HomeNewsLocalCSULA President Says Protesters Must Leave Encampment

CSULA President Says Protesters Must Leave Encampment

LOS ANGELES (CNS) – The president of Cal State Los Angeles is demanding Friday that the protesters who have been camped on the campus for more than a month must leave.

The declaration comes two days after pro-Palestine activists occupied and extensively vandalized the Student Services Building on campus.

“The encampment has crossed a line,” Cal State Los Angeles President Berenecea Johnson Eanes said in a statement. “Those in the encampment must leave.”

Eanes also said in her statement that four people — three employees and one student — were assaulted by protesters during Wednesday’s occupation of the Student Services Building, although no other details were released.

“A trust we had in the encampment to practice non-violence has been violated,” Eanes said in her statement to the “Golden Eagle Community” released Thursday afternoon. “Trust is a hard thing to restore, but we will do the work together.”

The protest began Wednesday afternoon as activists descended on the building that houses the university president’s office. Some protesters chained themselves together outside the main entrance as others moved inside the building. Others used patio furniture, golf carts and other materials to establish a barricade around the structure. At one point, protesters were seen rolling copy machines in front of the building’s entrance.

University officials issued a campus alert urging anyone inside the building to shelter in place, and telling others to leave the campus.

University spokesman Erik Frost Hollins told reporters Thursday that police were able to escort some employees out of the building within a few hours of the occupation beginning. He said, “Obviously it’s a different and more dangerous situation when you have people in a multi-story building.”

Hollins said Eanes was among about 12 administrators who were initially sheltering in place inside the building.

“There were a dozen, then it got down to maybe half a dozen administrators who remained in the building to work the situation throughout the evening,” he said.

Eanes and the remaining administrators left the building shortly after midnight Thursday.

Around 1 a.m. Thursday, most protesters left the building voluntarily and returned to the existing pro-Palestine encampment on the campus. A remaining handful were coaxed out by university officials a short time later.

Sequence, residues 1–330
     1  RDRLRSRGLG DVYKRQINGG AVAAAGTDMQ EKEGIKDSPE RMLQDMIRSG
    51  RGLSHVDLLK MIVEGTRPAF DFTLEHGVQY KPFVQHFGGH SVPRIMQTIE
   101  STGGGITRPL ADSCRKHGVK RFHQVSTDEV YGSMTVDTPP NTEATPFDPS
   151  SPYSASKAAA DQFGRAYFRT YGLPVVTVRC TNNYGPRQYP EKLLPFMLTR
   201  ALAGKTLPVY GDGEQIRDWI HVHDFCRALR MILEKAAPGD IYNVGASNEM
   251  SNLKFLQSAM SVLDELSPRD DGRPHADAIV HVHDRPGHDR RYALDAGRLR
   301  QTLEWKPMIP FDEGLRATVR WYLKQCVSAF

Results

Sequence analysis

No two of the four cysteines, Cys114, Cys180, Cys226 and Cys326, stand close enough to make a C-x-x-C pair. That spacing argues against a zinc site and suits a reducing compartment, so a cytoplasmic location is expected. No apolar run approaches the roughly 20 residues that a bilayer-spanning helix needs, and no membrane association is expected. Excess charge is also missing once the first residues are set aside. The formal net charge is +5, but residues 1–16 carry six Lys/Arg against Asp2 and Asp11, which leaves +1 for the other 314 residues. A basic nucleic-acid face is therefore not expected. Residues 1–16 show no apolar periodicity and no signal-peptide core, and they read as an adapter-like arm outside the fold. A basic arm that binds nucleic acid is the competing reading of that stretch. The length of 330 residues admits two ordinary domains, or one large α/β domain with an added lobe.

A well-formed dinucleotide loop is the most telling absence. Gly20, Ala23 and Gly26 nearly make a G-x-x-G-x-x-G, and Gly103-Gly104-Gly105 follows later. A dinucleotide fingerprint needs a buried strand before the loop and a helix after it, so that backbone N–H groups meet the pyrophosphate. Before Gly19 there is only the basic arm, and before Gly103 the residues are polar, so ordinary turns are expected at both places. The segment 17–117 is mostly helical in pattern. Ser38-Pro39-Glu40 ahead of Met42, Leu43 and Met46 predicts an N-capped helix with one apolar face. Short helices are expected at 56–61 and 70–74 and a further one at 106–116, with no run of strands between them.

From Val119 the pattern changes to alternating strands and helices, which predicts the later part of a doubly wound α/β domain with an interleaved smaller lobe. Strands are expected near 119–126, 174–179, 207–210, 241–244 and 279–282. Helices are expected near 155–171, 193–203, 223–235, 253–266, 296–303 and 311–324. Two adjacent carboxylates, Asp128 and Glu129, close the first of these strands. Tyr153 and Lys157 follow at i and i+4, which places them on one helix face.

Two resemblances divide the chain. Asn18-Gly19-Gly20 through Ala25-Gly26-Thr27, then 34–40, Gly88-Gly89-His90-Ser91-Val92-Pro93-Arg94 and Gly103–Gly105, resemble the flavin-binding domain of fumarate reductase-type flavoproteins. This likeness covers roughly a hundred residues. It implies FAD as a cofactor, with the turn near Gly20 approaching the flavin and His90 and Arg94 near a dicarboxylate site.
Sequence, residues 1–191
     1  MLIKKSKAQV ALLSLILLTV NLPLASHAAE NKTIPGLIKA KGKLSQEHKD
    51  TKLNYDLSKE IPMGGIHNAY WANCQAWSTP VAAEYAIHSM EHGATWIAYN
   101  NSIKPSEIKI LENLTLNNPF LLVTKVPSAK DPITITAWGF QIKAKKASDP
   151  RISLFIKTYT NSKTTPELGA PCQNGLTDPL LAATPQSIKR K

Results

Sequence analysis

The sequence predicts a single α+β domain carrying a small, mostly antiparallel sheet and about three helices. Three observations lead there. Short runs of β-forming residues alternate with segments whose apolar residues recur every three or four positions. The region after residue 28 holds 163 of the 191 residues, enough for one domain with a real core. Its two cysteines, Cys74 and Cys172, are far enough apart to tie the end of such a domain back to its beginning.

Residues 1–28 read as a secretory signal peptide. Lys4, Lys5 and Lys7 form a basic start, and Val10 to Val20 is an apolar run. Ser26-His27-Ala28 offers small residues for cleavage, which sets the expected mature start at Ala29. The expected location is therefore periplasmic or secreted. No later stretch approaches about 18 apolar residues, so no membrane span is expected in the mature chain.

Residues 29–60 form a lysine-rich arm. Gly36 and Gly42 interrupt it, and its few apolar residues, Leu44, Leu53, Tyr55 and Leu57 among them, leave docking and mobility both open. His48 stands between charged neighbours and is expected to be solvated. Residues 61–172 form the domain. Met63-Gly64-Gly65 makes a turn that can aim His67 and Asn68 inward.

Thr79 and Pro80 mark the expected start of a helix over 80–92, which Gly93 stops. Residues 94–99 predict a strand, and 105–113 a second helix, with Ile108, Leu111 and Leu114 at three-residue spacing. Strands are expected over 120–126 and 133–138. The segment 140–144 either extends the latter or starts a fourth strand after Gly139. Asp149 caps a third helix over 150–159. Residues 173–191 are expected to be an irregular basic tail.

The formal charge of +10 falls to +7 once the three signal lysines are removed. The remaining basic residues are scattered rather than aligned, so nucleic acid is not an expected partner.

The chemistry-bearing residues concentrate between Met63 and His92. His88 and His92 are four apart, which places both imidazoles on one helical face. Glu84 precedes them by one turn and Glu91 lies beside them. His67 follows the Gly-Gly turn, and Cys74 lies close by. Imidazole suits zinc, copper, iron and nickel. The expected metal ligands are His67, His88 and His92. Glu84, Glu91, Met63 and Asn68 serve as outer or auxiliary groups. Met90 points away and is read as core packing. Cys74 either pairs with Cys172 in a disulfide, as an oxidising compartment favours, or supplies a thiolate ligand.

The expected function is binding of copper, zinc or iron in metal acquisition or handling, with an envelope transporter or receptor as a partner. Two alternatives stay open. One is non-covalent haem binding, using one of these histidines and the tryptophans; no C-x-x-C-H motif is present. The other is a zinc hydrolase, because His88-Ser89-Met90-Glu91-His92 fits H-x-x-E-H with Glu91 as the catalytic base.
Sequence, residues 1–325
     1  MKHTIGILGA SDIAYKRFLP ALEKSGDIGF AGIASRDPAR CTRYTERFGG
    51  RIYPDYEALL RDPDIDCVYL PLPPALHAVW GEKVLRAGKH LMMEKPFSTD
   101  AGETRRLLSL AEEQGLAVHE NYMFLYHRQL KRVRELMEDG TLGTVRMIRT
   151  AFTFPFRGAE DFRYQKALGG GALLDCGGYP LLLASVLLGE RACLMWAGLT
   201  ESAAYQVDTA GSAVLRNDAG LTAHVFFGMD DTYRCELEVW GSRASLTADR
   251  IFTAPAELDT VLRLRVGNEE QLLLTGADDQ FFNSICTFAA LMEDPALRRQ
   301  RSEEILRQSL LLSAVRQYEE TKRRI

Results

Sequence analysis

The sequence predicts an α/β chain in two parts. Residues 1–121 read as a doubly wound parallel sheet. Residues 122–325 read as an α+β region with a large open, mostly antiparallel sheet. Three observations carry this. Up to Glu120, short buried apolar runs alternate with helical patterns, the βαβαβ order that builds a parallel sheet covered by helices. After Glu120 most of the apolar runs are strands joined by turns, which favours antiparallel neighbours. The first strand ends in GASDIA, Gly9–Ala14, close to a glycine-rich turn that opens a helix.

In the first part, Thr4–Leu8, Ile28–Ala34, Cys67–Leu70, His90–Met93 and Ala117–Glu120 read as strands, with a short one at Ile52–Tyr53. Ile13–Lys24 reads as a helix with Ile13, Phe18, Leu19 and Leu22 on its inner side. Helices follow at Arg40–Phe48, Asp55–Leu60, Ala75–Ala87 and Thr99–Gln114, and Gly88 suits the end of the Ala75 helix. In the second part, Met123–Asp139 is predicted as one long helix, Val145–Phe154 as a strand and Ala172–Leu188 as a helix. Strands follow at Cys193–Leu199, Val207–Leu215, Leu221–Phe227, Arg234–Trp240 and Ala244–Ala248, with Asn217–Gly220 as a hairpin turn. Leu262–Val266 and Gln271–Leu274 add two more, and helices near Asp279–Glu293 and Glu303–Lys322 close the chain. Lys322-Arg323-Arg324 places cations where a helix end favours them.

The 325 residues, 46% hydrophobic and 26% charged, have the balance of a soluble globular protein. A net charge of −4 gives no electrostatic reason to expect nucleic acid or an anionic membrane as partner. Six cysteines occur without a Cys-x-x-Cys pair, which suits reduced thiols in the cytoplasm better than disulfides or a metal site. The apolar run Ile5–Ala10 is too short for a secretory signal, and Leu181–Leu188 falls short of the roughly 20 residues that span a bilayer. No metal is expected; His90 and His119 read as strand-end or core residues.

A criminal investigation was underway. There were no immediate reports of any arrests stemming from the extensive damage inflicted by protesters, including graffiti on walls and furniture, shattered office windows and overturned vending machines.

A large amount of trash was strewn about in front of the building. The building’s first-floor windows and walls were sprayed with pro-Palestinian graffiti.

All classes will meet on a remote basis until further notice, the university announced.

“As you likely know, last night unlawful protesters occupied the first four floors of the Student Services Building, destroying offices, stealing property, and leaving significant damage,” Eanes said in her statement Thursday.

“For 40 days, there has been an encampment on our campus. We have been in ongoing formal and informal communication with the encampment and its advisers. I went into the encampment twice. I made significant commitments on transparency, respectful conversations, and mental health support. These are all within my authority and aligned with our first principles as a university.

“So long as the encampment remained non-violent, I was committed that the university would continue to talk.

“Last night, those involved with the encampment chose violence and destruction. Our chief concern at Cal State LA has always been the safety and security of all involved: our students, faculty, staff, public, and protesters.

“Yet, the significant damage to SSB will affect student-facing services: including admissions, records, accessible technology, basic needs, new student and family engagement, Dreamer resources, and educational opportunity programs. It will take time to restore all those spaces and divert significant resources that would otherwise go to academics, student services or operations.”